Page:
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This Colombian Natilla Makes For the Perfect Christmas Treat

A Natilla Colombiana (Colombian Christmas Custard) to Enjoy This Nochebuena

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As a Latinx child growing up in America, I was taught that the signature tastes of Christmas were peppermint candy canes and iced sugar cookies. But in my Colombian household, the season was marked by two traditional treats: fried cheese fritters (buñuelos) and a chilled milk custard called natilla. Every year, when my extended family would get together on Nochebuena (Christmas Eve), the children would flock to the table to sneak a bite or two while our unsuspecting parents danced to cumbia in the background. I remember my cousins swarming the tray of hot buñuelos while I ran to the fridge to get a cold slice of natilla — my favorite. As an adult, I still feel as though Christmas isn't complete without natilla. As a result, I decided to learn how to make it myself, and now my Nochebuenas are as delicious and Colombian as ever.

Why Do Colombians Eat Natilla on Nochebuena?

Colombian natilla was adapted from a Spanish dessert called "natillas." Although the exact origin of the dish is unknown, it's widely believed that the dessert was developed by nuns in Spain centuries ago, then introduced to South American countries during the Spanish Inquisition. In Colombia, the recipe for natilla and the culture surrounding it changed over time. Eventually, natilla became a traditional Christmas dish, although it can be found in Colombia year-round.

What Is Colombian Natilla Made Of?

Whereas Spanish "natillas" is a custard made from milk and eggs, Colombian natilla does not contain eggs at all. In Colombia, the custard typically starts with a cinnamon-flavored milk base sweetened with panela — a sweetener derived from pure sugar cane — then thickened with cornstarch before being cooled overnight in the fridge. Plain natilla sweetened with panela is the most traditional kind of natilla. Panela gives the natilla a unique caramel-like flavor and a rich, brown color. But it's not uncommon to find coconut, caramel, or raisin variations, too. When panela isn't available, brown sugar will do the trick.

What Does Natilla Mean in English?

Natilla translates directly to "custard" in English.

Is Natilla Similar to Flan?

While they might look similar, natilla and flan are completely different desserts. Flan is an egg-based custard, while Colombian natilla is made from milk and cornstarch. Flan is baked, whereas natilla is simmered, then cooled. And while flan is typically topped with a runny caramel sauce, natilla is garnished with ground cinnamon and shredded coconut.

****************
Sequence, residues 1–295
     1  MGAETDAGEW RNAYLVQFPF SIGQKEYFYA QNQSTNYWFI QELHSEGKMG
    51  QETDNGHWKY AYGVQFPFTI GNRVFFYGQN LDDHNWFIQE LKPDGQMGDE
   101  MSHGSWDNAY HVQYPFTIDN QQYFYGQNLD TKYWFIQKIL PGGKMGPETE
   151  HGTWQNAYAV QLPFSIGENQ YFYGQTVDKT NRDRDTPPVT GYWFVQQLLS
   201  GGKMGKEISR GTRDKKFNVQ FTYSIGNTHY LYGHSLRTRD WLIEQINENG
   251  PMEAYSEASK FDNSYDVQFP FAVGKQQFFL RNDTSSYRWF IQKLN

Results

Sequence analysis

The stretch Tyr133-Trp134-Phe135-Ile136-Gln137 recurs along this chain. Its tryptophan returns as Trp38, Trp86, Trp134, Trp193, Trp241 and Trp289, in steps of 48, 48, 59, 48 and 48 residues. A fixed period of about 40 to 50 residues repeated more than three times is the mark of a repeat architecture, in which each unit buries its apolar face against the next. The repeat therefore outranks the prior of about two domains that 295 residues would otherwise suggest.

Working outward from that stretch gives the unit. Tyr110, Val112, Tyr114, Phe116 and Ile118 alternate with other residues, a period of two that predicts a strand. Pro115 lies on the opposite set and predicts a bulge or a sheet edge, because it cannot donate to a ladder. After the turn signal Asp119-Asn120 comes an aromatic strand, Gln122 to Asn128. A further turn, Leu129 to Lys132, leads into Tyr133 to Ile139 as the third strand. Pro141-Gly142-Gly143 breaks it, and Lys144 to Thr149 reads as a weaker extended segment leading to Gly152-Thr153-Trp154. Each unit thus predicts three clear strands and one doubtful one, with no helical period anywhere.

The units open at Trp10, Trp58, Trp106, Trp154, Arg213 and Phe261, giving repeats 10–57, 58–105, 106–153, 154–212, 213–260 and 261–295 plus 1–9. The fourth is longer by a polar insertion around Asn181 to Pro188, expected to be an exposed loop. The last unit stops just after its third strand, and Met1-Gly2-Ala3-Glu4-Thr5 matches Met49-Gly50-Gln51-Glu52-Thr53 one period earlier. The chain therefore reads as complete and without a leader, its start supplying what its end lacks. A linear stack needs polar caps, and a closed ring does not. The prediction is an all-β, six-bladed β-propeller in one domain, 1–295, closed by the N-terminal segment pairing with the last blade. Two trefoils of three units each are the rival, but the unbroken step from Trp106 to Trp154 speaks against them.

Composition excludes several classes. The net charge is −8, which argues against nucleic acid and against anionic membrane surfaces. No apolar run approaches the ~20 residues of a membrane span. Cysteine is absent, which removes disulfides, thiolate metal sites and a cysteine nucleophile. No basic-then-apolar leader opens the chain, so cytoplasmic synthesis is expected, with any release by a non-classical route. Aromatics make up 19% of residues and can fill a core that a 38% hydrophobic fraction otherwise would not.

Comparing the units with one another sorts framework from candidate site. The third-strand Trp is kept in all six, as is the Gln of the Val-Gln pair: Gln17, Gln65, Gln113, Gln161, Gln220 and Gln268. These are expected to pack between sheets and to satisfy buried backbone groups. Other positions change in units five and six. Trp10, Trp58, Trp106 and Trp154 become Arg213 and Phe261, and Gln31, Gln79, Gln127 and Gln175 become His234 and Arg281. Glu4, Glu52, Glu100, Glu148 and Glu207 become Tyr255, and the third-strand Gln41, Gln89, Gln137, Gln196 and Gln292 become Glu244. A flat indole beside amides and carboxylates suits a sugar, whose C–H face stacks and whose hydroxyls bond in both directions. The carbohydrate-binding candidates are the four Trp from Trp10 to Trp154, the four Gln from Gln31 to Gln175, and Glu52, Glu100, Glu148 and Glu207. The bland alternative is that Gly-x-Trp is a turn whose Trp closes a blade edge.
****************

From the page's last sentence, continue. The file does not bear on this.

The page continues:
Here's how to make it.

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Colombian Natilla

Original Recipe

Notes

For a more traditional flavor, use ground panela instead of brown sugar.

Once you've added your cornstarch mixture to the simmering milk, do not stop stirring. If you stop stirring, the milk will burn.

This Colombian Natilla Makes For the Perfect Christmas Treat

Ingredients

  1. 4 1/2 cups milk, whole
    3-4 cinnamon sticks
    1/2 cup granulated sugar
    1/2 cup brown sugar
    2 tablespoons sweetened condensed milk
    3/4 cup cornstarch
    1 teaspoon vanilla extract
    Pinch of salt
    2 tablespoons butter
    1/2 cup shredded coconut (optional)

Directions

  1. Separate milk into 3 1/2 cups and 1 cup portions.
  2. Pour 3 1/2 cups of milk and cinnamon sticks into a medium-size saucepan. Bring to a light simmer.
  3. When bubbles have formed around the edges and the milk has started to foam, remove cinnamon sticks, then add sugar, brown sugar, sweetened condensed milk, vanilla, and salt. Stir well.
  4. For the 1 cup of milk on the side, add cornstarch, and stir until fully combined.
  5. Pour the cornstarch mixture into the steamed milk. Reduce heat to low, then begin stirring constantly using a wooden spoon.
  6. Continue stirring without stopping for five to 10 minutes, or until the mixture has thickened enough to where you can see the bottom of the pan. Turn off the heat.
  7. Add in butter and shredded coconut. Once fully incorporated, pour the custard mixture into your preferred mold, cover it with plastic wrap, then set it in the fridge to chill overnight.
  8. When it is completely chilled, remove the custard from the fridge, and carefully invert the mold over a plate to release the natilla.
  9. Top the natilla with a generous sprinkle of ground cinnamon and shredded coconut, then slice and serve alongside hot buñuelos.
Image Source: POPSUGAR Photography / Ashley Ortiz
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